This competition awarded him with R250 000 worth of Cape Talk radio spots and ended up giving the business so much exposure that they were quite publicly known. The product was moving all around the world. Jeff explains that they got orders from Zambia, Gallowship Antarctica, Botswana and more southern parts of Africa but mostly in South Africa.
The team at Urban Organics has a big goal that inspires and drives them every day – they believe (ambitious as it is) that we should have a basic system in every home ensuring a low carbon footprint, greens at their fingertips and healthy food options on demand. This will also help with lowering our carbon footprint with transportation, packaging and printing.
What makes Urban Organics so proudly South African?
Jeff wanted to build the system locally, by locals for locals. They approached Proudly South African, which requires you to have 80% of your content locally produced, and they scored an amazing 95%. Virtually everything is locally manufactured and designed except for their pumps that are locally sourced but imported.
The Urban Organics Hydroponic systems are uniquely built with a dual system. Jeff explained that although it is not proper NFT, (the normal conventional hydroponics should be NFT which stands for Nutrient Film Technique), their system is a raft and Kratky. In plain English this means, they built the system as a fail-over for load shedding and it can literally run the plant for a guaranteed 8 hours. Impressive right!
Another reason why Urban Organics is Proudly South African, is their staffing. Jeff would take in interns who had no idea on how a hydroponic system works and train them to experts and professionals in the field. Jeff has taken quite a few people under his wings over the years with training.
As a business, they have engaged extensively with the Department of Agriculture in the Western Cape who have run trials with the product in schools, community gardens, sustainable living plus affordable and poverty alleviation. The Department has run the tests and they have endorsed the product.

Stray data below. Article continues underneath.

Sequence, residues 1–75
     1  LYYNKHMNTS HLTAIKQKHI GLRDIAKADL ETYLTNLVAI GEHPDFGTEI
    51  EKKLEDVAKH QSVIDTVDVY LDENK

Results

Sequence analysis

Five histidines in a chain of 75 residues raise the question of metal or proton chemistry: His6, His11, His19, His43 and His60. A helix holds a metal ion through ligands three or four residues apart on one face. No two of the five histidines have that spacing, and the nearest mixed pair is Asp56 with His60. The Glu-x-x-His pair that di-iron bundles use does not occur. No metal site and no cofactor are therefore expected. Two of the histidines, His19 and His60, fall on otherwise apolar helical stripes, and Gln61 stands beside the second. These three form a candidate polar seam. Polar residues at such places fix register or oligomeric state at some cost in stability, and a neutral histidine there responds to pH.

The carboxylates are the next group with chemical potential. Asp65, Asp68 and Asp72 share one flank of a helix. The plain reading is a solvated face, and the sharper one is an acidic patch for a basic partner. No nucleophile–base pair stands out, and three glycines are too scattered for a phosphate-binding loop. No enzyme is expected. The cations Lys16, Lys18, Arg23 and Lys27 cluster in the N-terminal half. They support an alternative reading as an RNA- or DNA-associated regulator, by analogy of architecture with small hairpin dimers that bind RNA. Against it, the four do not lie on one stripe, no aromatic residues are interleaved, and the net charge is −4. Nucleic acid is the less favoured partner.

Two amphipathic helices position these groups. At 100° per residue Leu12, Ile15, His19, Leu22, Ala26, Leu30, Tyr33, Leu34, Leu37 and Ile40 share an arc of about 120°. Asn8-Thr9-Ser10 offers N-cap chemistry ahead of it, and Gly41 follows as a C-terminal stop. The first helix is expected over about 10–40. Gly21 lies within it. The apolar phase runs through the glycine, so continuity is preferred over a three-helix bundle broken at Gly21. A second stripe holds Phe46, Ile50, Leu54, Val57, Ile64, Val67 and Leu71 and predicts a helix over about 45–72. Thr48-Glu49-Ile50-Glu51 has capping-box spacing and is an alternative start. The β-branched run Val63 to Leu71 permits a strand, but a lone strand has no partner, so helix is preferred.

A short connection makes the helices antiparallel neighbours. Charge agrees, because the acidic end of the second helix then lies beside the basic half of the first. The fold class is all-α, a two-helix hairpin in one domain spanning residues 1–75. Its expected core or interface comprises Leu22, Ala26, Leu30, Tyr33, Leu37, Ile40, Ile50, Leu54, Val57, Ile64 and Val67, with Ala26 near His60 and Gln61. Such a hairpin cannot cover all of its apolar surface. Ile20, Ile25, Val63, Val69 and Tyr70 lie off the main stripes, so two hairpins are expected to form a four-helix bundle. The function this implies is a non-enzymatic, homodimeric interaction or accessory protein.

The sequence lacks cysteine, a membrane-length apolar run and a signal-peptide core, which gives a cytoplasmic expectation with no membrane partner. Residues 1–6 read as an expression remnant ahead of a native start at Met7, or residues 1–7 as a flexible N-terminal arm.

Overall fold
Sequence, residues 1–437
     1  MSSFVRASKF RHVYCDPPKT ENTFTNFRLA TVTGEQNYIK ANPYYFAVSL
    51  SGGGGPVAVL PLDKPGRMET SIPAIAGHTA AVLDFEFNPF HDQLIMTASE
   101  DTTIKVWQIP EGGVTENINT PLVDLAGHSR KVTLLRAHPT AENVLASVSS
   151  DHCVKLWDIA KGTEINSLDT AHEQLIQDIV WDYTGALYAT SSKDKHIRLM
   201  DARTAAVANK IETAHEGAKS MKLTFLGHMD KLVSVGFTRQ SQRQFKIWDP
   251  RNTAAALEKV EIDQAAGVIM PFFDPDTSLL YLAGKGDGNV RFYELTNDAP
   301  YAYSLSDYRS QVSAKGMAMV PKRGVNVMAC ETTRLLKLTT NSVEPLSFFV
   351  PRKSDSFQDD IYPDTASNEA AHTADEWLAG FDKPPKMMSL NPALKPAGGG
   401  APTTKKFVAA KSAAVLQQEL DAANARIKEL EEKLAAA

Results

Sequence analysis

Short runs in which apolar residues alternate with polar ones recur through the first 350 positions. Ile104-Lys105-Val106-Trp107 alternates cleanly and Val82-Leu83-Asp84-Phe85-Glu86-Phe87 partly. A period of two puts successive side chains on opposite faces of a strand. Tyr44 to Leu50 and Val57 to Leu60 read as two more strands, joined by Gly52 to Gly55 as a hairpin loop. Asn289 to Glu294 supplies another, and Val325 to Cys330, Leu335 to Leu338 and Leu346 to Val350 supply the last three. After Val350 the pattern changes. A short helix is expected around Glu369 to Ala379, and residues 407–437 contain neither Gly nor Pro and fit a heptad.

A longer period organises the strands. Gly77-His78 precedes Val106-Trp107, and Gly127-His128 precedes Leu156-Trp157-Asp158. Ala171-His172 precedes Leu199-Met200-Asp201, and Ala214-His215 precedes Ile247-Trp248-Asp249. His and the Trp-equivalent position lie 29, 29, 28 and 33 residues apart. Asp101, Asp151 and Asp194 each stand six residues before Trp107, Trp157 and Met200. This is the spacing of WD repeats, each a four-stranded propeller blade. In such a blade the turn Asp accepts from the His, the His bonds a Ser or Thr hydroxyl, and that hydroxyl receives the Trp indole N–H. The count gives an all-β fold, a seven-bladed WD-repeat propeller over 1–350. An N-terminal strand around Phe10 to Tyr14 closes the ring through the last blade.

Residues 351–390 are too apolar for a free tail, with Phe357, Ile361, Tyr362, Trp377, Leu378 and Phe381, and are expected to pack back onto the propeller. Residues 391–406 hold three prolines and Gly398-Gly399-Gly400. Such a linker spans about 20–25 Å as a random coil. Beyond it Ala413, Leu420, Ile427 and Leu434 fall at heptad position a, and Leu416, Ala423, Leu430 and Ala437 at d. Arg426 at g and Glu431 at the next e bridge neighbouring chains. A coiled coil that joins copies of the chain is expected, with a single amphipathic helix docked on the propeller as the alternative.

“The Favourite One”
The one product that is by far the most popular for domestic use, is the Magnolia. It is compact, it is wall-mounted, ergonomic, easy to use, easy to set up, cheap to run and doesn’t occupy much space. The Magnolia became popular based on its price (but can also fit on a balcony or a little area in the yard).
Urban Organics has installed hundreds of Magnolias into Atlantis (a RDP home development) where they function 100%.
The Magnolia is a staple and they could now focus on the development of better systems using unique fittings and bespoke moulds that are either light-weight, easy-to-transport or collapsible.
The team has even perfected the cradles, which are not bolted. You can also lift your tubes off for cleaning as they are not glued together. The N-caps are removable, which according to Jeff, no other system can do without leaking.
“We have ticked so many boxes with the design over the last 4 years that we have perfected it”, says Jeff proudly.
Other than the many domestic systems they have available, they also found opportunities in the commercial farming market. They have installed a couple of big systems on farms. The biggest is a farm in Simonstown for a commercial farmer with half a kilometre of pipes.
Find out More:
This article appeared in our September 2021 issue.